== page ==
The Long Goodbye (1973)
Robert Altman’s controversial adaptation of Raymond Chandler’s novel gave birth to The Long Goodbye in 1973. In typical Altman style, with an acute awareness of genre and a mischievous will to invert generic expectations, The Long Goodbye presents itself as a neo-noir with a difference.
Unlike its contemporary neo-noirs, such as Bullitt (1968) and Dirty Harry (1971), which took themselves very seriously, Altman plays with genre, with the legacy of noir, and with the expectations of hard-boiled stereotypes. As a result, The Long Goodbye received a less-than-lukewarm critical reception upon its release, and has only over time come to receive a cult status.
Its resurgence has been marked by this exclusive Blu-Ray re-release of the film by Arrow Films.
The insightful extras, including interviews with starring actor Elliott Gould and cinematographer Vilmos Zsigmond, provide an extensive backdrop upon which The Long Goodbye’s characteristic style is evaluated as having come to define an era of neo-noir, and paved the way for future film.
In an interview with Vilmos Zsigmond, the cinematographer explains the innovative experimental flash technique which he developed alongside Altman – a technique which gives the film its characteristically grainy and consequently over-exposed quality. Zsigmond marks this as a new style, which gave the palette of the film a more natural appeal, further remarking that he believes modern film will return to this look in the future.
The film’s subsequent restoration for Blu-Ray reinforces this very technique. The shadows so traditional to the genre are contrasted against the over-exposed quality of Zsigmond’s cinematography to great effect.
Zsigmond also points to the zoom lens as an innovative technique which set Altman’s films apart from its contemporaries. ‘Altman loved the zoom lens – he really invented to zoom lens’, he says, further suggesting that no director before him had used the effect to the same extent.
Aesthetically, the film both conforms to and creates a new path for noir – using and developing the shadowy palette that came to define the genre.
The characterisation also functions on many layers, distorting and inverting conventional noir. Marlowe himself demonstrates a certain awareness of genre by refusing to conform to the standards of hard-boiled fiction, calling out the stereotypical script that he is expected to follow when the cops enter his apartment before defying it: ‘Is this where I’m supposed to say, “What’s this all about?”, and he says, “Shut up! I ask the questions”?’.
Elliott Gould, in his interview, describes The Long Goodbye as ‘a film about human nature’ in its purest sense. Marlowe is initially cast as the nice guy, ‘the nicest neighbour’ on the block, the one who goes out at 3am to buy cat food for his miserable pet. He is a private detective with a rare moral compass, refusing to get involved in divorce work, and refusing to believe that his friend Terry would kill his own wife. He is unlike the elusive and violent-for-violence’s-sake detectives Frank Bullitt and Harry Callahan. But for all his moral standards, Marlowe cannot sustain his integrity when he is thrust into the fabric of real crime.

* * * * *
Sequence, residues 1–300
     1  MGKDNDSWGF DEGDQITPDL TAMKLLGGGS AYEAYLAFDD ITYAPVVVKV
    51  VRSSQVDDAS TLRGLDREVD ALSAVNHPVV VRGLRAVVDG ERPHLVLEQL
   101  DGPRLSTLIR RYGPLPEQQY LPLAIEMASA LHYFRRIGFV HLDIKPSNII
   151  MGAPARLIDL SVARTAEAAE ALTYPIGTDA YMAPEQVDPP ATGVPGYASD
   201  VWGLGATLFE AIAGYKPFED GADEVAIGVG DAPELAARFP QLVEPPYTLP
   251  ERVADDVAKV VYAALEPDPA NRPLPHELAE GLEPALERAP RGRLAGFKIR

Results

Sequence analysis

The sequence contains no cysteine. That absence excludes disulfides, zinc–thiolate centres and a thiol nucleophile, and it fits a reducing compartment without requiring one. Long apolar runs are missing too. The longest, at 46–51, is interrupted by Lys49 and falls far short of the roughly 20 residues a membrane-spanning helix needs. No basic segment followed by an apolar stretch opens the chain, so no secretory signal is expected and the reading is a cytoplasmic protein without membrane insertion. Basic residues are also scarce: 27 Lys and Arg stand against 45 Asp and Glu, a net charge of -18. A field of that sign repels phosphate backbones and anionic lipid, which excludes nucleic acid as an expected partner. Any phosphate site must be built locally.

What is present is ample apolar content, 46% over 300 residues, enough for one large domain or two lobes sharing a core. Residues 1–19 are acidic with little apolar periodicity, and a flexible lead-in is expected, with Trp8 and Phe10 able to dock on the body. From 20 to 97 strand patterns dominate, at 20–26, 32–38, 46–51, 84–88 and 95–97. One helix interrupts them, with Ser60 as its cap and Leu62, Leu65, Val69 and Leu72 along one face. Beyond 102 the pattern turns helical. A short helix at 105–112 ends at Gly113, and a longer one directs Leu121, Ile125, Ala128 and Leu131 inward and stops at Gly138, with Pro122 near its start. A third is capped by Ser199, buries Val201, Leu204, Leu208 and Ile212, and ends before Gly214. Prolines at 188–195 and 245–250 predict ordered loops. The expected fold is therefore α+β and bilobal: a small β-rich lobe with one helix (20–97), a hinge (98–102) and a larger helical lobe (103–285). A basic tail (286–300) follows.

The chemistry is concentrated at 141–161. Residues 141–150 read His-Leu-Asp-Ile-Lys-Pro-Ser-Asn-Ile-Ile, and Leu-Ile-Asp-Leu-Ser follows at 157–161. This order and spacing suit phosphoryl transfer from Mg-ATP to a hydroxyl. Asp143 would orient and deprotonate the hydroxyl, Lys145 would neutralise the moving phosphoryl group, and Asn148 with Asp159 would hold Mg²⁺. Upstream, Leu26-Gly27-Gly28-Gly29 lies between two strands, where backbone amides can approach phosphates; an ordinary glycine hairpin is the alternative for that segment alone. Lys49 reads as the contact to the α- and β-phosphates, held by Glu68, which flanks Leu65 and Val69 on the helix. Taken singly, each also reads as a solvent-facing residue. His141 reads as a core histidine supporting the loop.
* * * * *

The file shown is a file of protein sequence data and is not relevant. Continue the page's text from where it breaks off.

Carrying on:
The film is dominated by this duplicity. Where do morality and immorality, realism and parody, good and evil, direction and disorientation meet? Even the novel’s 1950s character creates a tension with the film’s contemporary 1970s California social backdrop. The film is dictated by tensions, and every time Marlowe believes one to have been resolved, he is thrust into another. Murder, missing persons, and misplaced money all dictate the means by which Marlowe’s moral compass is tested.
The Long Goodbye is a rare example of a pre-Lynchian take on real life, on what happens when morality and immorality are no longer so easily defined, when genre becomes lucid, when a single well-meaning man becomes tangled in a web of immorality which he can no longer resist, spun by a series of accidents, coincidences, and, ultimately, his own actions.
Altman’s ultimate violation of the genre is rejecting – both cinematographically and generically – the ‘black and white’ nature of film noir. The unexpected becomes reality in the end, when Marlowe, in a shock act of an-eye-for-an-eye revenge, turns the pistol on Terry. Altman ultimately places his characters in a world where they perform, they lie, and they struggle; a world in which nothing is as it seems; a world in which heroes are fallible and villains are human.
Rip Van Marlowe (Greg Carson’s documentary about The Long Goodbye to accompany the 2002 MGM DVD release)
Robert Altman: Giggle and Give In (Paul Joyce’s documentary portrat of Robert Altman as a part of Channel Four’s Cinefile series)
Interviews (Including starring role Elliott Gould, and cinematographer Vilmos Zsigmond)
Director: Robert Altman
Stars: Elliott Gould, Nina van Pallandt, Sterling Hayden
Runtime: 112 min